Ongoing investigation of SGLT2 inhibitors, if it can fully explain the effect such medications have on BP, may help to explain the mystery. Researchers initially believed the diuretic effect of the drugs, combined with their tendency to promote weight loss, deserved the credit, but trial results eventually contradicted this hypothesis. 
 
All medications in the class reduce A1C levels by reducing the amount of glucose that enters the blood via SGLT2 in the proximal renal tubules. This, in turn, increases the amount of glucose excreted via urine, increases the total amount of urine that users excrete and creates the diuretic effect.8
 
Trials revealed, however, that certain kinds of renal impairment can prevent this entire chain of events, including the increase in urine volume and the diuresis. If diuresis produced the blood pressure reductions (even in part) then people with such kidney problems would miss out on some or all of the BP benefit. In reality, such people see their BP decline about as much as other patients who take SGLT2 inhibitors.9
 
Researchers still believe diuresis produces some of the effect in many patients. They acknowledge, however, that many questions remain unanswered. “The precise mechanism of the blood pressure drop remains incompletely elucidated,” wrote the authors of a recent paper on SGLT2 inhibitors and BP in the Journal of the American Society on Hypertension. “Based on current data, the blood pressure reduction is partially due to a combination of diuresis, nephron remodeling, reduction in arterial stiffness, and weight loss.”10
 
History suggests that the mystery may endure. Thiazides have been around since the 1950s and studies have yet to explain exactly why they lower blood pressure as much as they do.11 History also suggests that mysterious mechanisms are no barrier to usage. Thiazides have ranked among the world’s most common and most useful medications for decades.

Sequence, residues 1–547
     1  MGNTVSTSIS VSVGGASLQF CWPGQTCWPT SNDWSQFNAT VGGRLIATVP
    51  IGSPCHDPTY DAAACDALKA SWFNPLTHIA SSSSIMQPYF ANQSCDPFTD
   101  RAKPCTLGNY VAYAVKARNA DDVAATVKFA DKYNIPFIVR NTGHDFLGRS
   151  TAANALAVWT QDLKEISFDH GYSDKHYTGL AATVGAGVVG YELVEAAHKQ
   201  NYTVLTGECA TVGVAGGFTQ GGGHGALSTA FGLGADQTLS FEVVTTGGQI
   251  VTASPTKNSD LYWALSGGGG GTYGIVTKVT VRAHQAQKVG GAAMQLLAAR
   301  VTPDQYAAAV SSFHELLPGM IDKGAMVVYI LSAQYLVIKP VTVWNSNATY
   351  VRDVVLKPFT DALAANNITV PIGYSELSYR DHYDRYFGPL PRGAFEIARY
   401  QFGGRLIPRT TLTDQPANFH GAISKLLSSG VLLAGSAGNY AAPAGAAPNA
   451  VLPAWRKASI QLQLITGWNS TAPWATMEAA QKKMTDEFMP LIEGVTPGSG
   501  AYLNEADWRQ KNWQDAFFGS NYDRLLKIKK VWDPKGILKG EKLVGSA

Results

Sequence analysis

SGLT2 inhibitor sales have already topped some initial projections. Canagliflozin alone generated about $200 million in fourth quarter revenue of 2014, and many now expect usage to keep growing.12 
 
A signicant majority of hypertensive diabetics consistently fails to keep BP below target levels,13 and a signicant minority of all people with T2DM fails to keep A1C levels within target levels.14 In
cases where the problem reects the inadequacy of treatment regimens (rather than poor patient compliance), guidelines advise physicians to change those regimens or expand them by adding a new class of drug. There are, of course, many drug classes to choose from, but SGLT2 inhibitors have a number of unique strengths beyond BP regulation.
 
“They have a truly novel mechanism of action, so when you add them to a regimen, you really get added benet rather than partial duplication. They also tend to be very well tolerated on their own and in combination with other medications,” Bakris said in an interview.
 
Bakris noted that SGLT2 inhibitors can produce urinary tract infections in some patients, especially uncircumcised men and women with a history of the problem, but argued that reports have exaggerated this side effect; he said this has distracted attention from more important therapeutic issues and should not stop patients from trying the class. “SGLT2 inhibitors, as a class, tend to push everything in the right direction, not just A1C and blood pressure, but also diet and weight,” Bakris said. “People who use these drugs tend to start eating better because they quickly realize that high-carb foods make them pee far, far more frequently than low-carb foods. People who use these drugs also tend to lose more weight than people who use other oral medications. That extra weight loss probably comes from the improved diet, but whatever the explanation, it’s something that many physicians should pay more attention to. Patients who switch from treatments that promote weight gain, which are still common, to those that promote weight loss can drop 10 pounds of fat. Even if nothing else changes, that’s a big improvement.”